Search engine optimization (SEO) is the process of optimizing your website to achieve a higher rank and higher visibility on search engines, particularly Google. Tailoring your content to keywords — certain words and phrases that receive a high volume of search inquiries each month — gets you seen on Google. This helps your business grow through organic traffic, which is essentially any traffic that finds your site on its own (without clicking on an ad or other form of marketing).
Even more so than marketing campaigns, search engine optimization is a difficult process that requires keyword research, as well as an understanding of how search engines index sites and how internet traffic operates. As such, you might consider reinvesting profits in a part-time SEO consultant.
However, if you are confident you’ll be able to do enough research to gain a foundational understanding of SEO, doing your own SEO work wouldn’t cost your business anything! So, that is another route to consider.
Cash flow is an extremely important component of any business, large or small. Too often, otherwise healthy and profitable small businesses succumb to cash flow issues by either spending money too fast or by waiting for customers to pay their invoices.
While there are a number of ways to shore up cash flow, including using merchant cash advances, obtaining SBA loans, or establishing an ongoing line of credit, putting some of your business’s net profits aside to save for a rainy day is one of the best ways to ensure your business has cash on hand if need be.
Remember, cash cannot always be obtained quickly and easily, and cash flow is a real problem for American small businesses all throughout the United States. It’s important to plan for monthly cash flow and make arrangements accordingly.
Investing in employee training can be a great way to improve the customer experience your business offers.
For example, if you operate an online e-commerce website, odds are you will have a customer service team that handles orders, returns, exchanges, complaints, and more. Consider the following situation. You’ve been observing your customer service employees lately, and you’ve noticed that they haven’t been addressing customer issues with the aim of providing a pleasant and positive customer experience. A possible solution could be sending them to a customer service seminar, or bringing in a professional consultant, so that they can learn more about strategies and tactics for dealing with customers in a way that achieves results desirable for both the customer and the business.
Remember, building a loyal customer base is an essential part of building a small business, and just one poor customer service experience can lead a customer to refuse to return to your business for products or services in the future. It can also lead to your business receiving poor reviews on sites like Yelp, which can discourage potential customers from even giving your business a chance.
As always, proper and adequate employee training is a must for small businesses, and investing in improved or continued training for employees is always a route to consider for reinvesting profits.
Paying off debt is never a bad idea for any small business given the proper circumstances. So, what are the proper circumstances? Paying off outstanding debt is only a good idea if it is going to save your business money in the long term. For example, loans that have minimal early exit penalties or no early exit penalties are a great outlet for profits. If you can pay off your debt now to minimize the total interest you pay overall on the loan, that’s great! But first you need to determine whether you should pay off a loan early.
Before paying off debt, make sure to consider the other options and what kind of returns different investments may yield. For example, you may be able to save 2% in interest by paying off a $100,000 loan early. But is that $2,000 actually worth it if you have to pay a $35,000 lump sum to save it? That $35,000 could be put toward something else, such as marketing and business equipment, with a much better return on investment for your business.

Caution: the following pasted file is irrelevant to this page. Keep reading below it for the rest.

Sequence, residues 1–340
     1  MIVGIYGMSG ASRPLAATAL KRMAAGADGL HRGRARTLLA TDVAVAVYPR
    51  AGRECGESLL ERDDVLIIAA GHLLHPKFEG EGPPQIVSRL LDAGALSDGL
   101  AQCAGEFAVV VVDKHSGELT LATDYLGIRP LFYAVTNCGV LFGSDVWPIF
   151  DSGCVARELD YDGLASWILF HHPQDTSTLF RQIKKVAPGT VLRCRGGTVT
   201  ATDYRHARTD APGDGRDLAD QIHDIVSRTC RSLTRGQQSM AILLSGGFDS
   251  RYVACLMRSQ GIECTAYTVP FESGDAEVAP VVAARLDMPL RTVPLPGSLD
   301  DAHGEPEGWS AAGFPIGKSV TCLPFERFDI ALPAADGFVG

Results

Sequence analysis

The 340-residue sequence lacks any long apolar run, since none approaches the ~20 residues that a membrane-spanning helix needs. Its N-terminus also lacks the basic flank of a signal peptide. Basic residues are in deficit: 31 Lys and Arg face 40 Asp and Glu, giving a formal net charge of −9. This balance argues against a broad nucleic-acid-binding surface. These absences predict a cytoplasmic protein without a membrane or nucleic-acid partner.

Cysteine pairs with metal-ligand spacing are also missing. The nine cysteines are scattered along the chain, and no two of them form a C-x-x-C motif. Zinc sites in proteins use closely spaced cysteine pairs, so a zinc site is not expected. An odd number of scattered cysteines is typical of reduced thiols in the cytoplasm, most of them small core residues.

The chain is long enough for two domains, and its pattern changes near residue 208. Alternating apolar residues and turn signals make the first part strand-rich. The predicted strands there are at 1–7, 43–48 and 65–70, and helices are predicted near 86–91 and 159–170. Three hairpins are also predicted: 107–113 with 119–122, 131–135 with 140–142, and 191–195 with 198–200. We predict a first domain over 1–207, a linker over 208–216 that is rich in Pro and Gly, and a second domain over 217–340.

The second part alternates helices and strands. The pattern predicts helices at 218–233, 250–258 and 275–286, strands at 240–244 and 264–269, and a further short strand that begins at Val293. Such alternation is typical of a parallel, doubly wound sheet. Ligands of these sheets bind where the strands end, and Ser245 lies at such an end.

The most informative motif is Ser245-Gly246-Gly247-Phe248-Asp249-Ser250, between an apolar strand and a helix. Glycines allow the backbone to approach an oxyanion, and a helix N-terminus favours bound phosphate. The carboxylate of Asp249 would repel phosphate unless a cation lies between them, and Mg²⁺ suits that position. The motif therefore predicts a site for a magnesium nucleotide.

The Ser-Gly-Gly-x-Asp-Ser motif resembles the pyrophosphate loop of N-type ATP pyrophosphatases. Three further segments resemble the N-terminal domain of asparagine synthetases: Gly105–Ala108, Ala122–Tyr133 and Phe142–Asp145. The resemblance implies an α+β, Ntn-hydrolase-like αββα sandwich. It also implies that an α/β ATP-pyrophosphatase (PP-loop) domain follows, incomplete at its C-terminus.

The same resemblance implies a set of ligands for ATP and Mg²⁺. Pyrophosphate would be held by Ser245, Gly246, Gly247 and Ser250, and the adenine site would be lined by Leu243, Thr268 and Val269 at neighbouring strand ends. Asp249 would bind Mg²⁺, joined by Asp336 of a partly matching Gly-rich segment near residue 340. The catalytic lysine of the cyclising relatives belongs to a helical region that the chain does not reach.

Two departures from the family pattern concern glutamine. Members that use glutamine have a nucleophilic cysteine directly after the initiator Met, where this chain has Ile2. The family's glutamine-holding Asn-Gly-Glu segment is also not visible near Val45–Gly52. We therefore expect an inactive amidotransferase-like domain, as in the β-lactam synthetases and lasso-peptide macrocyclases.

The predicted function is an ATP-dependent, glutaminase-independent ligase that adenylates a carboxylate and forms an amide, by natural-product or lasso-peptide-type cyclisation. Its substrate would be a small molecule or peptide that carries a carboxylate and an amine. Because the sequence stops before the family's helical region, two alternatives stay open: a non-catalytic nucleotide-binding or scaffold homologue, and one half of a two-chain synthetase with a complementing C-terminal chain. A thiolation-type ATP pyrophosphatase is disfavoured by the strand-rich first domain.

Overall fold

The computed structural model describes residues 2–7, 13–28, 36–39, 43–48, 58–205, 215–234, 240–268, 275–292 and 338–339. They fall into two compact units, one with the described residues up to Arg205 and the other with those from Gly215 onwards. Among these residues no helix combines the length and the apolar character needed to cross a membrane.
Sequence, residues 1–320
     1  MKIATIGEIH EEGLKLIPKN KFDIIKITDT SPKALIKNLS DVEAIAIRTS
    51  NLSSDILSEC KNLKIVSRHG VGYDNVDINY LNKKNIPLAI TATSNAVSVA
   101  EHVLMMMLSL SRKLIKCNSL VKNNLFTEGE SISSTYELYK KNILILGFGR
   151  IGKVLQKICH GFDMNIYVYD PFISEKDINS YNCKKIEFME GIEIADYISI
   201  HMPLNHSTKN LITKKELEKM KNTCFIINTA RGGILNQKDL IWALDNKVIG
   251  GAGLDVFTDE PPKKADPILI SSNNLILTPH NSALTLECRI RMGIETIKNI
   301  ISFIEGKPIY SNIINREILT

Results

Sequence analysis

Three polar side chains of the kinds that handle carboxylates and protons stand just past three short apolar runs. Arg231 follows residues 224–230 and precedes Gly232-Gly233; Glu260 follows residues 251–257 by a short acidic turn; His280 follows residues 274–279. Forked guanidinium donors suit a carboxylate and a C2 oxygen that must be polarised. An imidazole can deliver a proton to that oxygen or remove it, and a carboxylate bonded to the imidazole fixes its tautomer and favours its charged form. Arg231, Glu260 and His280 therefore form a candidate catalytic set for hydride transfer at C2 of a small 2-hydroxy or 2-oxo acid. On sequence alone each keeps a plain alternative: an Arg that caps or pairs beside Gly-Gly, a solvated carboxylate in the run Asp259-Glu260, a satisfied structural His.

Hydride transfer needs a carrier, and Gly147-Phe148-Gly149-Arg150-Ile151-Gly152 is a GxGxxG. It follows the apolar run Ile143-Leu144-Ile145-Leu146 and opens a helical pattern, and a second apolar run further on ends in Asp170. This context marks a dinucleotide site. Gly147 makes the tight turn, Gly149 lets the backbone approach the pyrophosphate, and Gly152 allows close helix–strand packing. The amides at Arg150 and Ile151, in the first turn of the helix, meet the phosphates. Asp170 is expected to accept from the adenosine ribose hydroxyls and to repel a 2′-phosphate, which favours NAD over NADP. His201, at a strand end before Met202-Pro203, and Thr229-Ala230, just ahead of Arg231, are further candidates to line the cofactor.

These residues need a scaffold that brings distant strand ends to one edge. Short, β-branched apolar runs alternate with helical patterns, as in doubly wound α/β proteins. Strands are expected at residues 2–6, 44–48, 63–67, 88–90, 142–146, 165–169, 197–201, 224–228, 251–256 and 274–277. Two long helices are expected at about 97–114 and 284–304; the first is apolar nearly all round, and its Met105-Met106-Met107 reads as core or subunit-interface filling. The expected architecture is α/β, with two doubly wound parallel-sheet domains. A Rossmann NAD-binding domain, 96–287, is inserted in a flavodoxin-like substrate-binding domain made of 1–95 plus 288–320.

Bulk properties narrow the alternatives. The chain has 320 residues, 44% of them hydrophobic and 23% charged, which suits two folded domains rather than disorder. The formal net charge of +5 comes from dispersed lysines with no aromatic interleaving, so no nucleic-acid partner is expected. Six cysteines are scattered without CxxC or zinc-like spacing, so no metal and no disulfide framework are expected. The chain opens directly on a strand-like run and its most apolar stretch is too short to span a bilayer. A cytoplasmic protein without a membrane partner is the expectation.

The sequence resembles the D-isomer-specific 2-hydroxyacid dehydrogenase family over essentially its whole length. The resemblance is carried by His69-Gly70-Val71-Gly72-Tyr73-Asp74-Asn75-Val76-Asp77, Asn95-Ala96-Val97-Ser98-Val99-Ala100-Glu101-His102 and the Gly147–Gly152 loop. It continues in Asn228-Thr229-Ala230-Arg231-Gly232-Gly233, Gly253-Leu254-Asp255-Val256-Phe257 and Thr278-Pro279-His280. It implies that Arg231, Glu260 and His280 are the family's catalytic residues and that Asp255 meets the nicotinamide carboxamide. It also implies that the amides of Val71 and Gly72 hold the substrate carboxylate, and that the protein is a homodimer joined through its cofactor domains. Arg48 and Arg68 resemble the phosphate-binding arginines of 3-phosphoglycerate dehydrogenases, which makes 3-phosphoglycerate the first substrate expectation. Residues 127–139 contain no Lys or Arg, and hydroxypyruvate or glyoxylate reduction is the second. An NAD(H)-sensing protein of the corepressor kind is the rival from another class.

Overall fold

Reinvesting business profits in stocks and bonds is always a consideration. Index funds and mutual funds can provide steady returns on your money that exceed savings account returns. Plus, the diversification aspect of index funds and mutual funds can help shield your business from the risks of buying individual stocks and bonds.
In fact, the annualized return for the S&P 500 index from 1957 to 2018 is roughly 8%, a far better return than one would get by storing their money in a savings account. In order to take advantage of these returns, you can invest in one of the scores of S&P 500 index funds on the market, which are designed to mirror the S&P 500 index.
Try to avoid taking big risks though. The biggest risks are typically what lead to the biggest returns, but they are also what lead to the biggest losses. You wouldn’t want to jeopardize your business’s well-being and future sustainability.
Another downside to consider is that any funds you place in the stock market should not be funds you plan on needing to be able to access in a short time period. The cyclical nature of the stock market, with boom and bust cycles, makes it so that you should be prepared to sit on your investments for a long time in case the market does experience an extended bust cycle.
Additionally, you should try to limit the funds you invest in the stock market to excess profits for which you have no other place at the moment. Remember, while funds in the stock market, if invested properly, will be earning your business money, they will be doing little in the way of growing or expanding your business through avenues like customer acquisition, retail space renovations, customer training, etc. In order to improve these, you will need to invest your profits directly into these avenues.
If you decide to go the route of stock and bond investing with some of your small business’s profits, consider using a financial advisor. They will be able to help you invest your money in a safe, but still profitable, way.
Seeing profits rise is always an exciting time for small businesses, but choosing what to do with these funds can be stressful at times. The important thing is to keep your investments focused on the long term goals of your business. The best way to do this is to have a strong, foundational business plan and model from the get-go. This way, you know where you are headed at all times and can leverage your investments to achieve your end goals. Don’t forget that every extra dollar you reinvest can make a difference. You don’t always have to embark on massive reinvestment plans to achieve meaningful growth for your business. Something as small as putting aside an extra $500 to shore up your cash flow can make a difference in the future. With the proper planning and execution, you can make the aspirations you have for your small business a reality.